Imagine a series following the exploits of Han Solo and Chewbacca in space, as they evade the Empire and take random assignments to survive and subsist.
Welcome to “Firefly.”
It’s 500 years into the future. Six years have passed since the Alliance, on Unification Day, suppressed the fight for independence in a universal civil war. One ship contains fugitives, remaining at the edge of the galaxy where they are constantly on the run.
FOX’s new Friday night series gets with a brilliant start tonight, with the Joss Whedon (“Buffy the Vampire Slayer,” “Angel”)-directed episode, “Train Job.” The main goal of the episode is to introduce the main characters on board Serenity, a small transport ship. Like the initial episode of “Enterprise,” “Train Job” centers on the captain, in this case one Malcolm “Mal” Reynolds (Nathan Fillion, “Saving Private Ryan”). Mal is a quick-thinking captain who welcomes challenges and will take any assignment, no questions asked.
His crew comes with stories of its own. His first mate, Zoe, seems to be one of the few loyal members of his crew. She is married to Wash, the ship’s pilot. Wash is a calmer but quieter crewmember. Anger is saved for Jayne, who seems ready for a mutiny or to betray any of his crewmates should the price be right. Kaylee, the ship’s mechanic, rounds out the quiet part of the cast.
Of course, the ship wouldn’t be entertaining without a couple of oddballs. One is Inara, the classy hooker who may have a thing for the captain. Scenes in which she and Shepherd, the elderly priest, interact are wonderful. Simon, the medic, appears normal, but he carries with him his sister, a sort of psychic named River who is wanted badly by the Alliance.
The mystique of this show is that it’s not a purely sci-fi program. Whereas “Star Trek” used lasers and holodecks, the Serenity members have guns and knives. Their assignment, commissioned by a Russian-type shady character, consists of robbing a train and obtaining a mysterious crate. They are the Kelly Gang with a ship. Even the theme song has a country flavor to it.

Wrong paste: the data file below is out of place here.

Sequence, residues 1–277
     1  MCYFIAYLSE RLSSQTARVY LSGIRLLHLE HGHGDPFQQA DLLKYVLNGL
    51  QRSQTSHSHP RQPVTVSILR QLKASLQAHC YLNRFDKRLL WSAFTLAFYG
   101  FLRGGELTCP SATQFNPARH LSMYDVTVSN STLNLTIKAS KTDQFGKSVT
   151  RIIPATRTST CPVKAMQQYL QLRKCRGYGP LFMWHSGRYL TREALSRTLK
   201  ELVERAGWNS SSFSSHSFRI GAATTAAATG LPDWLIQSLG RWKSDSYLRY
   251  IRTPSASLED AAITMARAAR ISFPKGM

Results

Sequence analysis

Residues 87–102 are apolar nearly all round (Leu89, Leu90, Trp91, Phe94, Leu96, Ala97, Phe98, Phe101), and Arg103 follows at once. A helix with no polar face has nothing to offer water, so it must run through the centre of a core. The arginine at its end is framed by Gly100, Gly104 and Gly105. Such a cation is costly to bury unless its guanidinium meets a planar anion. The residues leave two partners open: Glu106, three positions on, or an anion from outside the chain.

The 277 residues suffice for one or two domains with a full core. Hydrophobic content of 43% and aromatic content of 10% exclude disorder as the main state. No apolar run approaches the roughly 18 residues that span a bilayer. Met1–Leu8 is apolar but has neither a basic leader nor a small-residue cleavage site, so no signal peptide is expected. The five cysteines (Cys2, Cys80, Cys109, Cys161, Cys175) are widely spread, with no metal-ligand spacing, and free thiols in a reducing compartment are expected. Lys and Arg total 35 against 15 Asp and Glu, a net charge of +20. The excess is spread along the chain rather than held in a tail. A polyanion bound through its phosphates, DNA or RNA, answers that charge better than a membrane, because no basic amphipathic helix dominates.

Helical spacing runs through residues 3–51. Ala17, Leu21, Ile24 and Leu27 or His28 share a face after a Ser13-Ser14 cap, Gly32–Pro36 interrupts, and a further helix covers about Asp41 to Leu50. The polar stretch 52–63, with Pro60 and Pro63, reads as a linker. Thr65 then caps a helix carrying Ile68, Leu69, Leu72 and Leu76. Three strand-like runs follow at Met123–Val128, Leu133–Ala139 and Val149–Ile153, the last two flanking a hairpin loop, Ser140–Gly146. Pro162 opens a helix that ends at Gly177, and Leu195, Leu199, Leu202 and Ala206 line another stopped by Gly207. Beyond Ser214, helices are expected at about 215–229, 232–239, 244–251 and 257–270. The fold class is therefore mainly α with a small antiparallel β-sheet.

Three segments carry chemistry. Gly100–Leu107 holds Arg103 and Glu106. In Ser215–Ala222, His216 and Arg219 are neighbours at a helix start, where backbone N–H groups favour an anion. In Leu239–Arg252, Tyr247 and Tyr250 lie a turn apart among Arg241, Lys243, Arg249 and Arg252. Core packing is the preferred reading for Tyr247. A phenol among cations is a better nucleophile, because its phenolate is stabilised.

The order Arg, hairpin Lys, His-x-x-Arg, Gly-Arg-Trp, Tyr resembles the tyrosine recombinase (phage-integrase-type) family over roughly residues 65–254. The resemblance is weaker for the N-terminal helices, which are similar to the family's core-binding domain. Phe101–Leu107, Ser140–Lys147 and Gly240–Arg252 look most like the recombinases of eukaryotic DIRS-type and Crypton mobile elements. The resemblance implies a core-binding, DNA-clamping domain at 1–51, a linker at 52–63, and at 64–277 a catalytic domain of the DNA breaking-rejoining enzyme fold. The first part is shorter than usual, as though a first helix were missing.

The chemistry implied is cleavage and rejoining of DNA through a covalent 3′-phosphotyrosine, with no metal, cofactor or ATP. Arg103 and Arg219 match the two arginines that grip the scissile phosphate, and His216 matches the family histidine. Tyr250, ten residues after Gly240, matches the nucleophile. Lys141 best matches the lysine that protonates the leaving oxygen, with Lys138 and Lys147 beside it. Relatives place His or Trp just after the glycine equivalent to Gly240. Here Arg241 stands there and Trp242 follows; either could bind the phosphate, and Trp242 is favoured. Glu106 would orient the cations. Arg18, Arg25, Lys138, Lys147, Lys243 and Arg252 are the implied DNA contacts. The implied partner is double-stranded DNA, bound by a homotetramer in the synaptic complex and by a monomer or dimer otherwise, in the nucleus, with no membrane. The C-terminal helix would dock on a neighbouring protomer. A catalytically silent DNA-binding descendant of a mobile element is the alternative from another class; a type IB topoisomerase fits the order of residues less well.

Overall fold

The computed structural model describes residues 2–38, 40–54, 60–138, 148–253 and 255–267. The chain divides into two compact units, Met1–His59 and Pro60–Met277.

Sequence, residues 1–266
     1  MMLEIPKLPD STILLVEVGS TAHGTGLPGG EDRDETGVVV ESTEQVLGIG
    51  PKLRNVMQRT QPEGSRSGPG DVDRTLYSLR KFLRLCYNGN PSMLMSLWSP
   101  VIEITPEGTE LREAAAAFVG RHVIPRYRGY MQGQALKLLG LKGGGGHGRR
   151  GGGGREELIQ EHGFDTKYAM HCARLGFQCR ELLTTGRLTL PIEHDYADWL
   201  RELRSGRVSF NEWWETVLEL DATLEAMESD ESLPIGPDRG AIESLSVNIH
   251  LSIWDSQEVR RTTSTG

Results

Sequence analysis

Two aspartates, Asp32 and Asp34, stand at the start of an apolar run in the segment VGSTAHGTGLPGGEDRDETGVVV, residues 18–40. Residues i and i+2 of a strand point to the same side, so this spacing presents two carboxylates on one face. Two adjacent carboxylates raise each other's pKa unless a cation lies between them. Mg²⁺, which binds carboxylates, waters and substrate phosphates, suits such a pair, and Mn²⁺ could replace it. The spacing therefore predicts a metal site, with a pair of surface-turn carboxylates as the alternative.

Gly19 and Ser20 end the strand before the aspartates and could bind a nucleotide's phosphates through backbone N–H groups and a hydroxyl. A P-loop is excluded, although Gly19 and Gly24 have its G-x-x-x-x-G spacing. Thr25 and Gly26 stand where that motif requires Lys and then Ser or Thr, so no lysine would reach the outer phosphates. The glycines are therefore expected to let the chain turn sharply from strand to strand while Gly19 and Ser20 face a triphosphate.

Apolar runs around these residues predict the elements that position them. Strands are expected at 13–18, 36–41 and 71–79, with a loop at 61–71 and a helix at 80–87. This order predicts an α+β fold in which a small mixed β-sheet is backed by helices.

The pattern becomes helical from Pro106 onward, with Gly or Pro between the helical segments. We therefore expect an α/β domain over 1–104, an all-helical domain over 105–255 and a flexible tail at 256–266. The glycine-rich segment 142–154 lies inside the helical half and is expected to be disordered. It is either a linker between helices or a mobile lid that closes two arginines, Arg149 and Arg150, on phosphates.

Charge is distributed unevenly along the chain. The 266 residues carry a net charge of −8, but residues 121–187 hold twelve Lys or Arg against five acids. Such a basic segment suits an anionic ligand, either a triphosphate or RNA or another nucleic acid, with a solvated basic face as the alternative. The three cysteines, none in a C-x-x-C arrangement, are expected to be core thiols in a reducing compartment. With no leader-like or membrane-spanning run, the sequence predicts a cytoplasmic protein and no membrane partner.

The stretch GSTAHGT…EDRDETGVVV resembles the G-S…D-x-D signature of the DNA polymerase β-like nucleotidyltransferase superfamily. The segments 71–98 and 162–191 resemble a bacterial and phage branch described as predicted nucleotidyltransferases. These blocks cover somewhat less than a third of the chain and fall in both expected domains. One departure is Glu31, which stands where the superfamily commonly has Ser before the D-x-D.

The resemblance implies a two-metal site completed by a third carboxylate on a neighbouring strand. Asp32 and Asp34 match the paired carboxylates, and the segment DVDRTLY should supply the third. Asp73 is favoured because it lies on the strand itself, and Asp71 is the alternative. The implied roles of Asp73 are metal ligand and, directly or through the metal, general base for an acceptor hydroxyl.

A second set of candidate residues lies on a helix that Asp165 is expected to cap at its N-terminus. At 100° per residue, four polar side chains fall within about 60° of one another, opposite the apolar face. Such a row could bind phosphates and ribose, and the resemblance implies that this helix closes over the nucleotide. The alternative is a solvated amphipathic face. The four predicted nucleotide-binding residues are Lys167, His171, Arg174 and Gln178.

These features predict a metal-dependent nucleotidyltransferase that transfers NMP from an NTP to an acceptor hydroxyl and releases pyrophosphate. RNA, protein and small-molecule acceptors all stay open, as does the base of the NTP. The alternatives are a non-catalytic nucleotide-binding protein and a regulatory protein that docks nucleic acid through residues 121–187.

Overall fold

The overlap can best be seen in fights. One scene at a tavern features Mal, Zoe and Jayne against a group of pro-Alliance men angered at Mal’s anti-Alliance stance. The wild-west style-brawl that ensues is classic.
Snappy dialogue from Whedon (who also co-wrote the episode) prevents the show from becoming a hokey morality tale, especially when the captain discovers what it is they steal.
Like other Whedon works, the characters manage to maintain a sense of humor (especially Mal) in the face of danger. They also interact well with one another interchangeably, so the absence of the captain or Zoe from a scene does not lead to a pointless conversation. The little subplots introduced in the pilot will surely be tracked in the upcoming episodes. River’s story, in particular, featuring a sort of “Clockwork Orange” terror at The Academy, will be one to watch.
Why “Firefly” is not on Sunday nights to assume “The X-Files”‘ time slot is debatable, especially when the new show will need solid ratings in addition to its critical acclaim to survive. But viewers who stay tuned will find something more than a show designed for Trekkies. This very well could be the season’s finest new drama.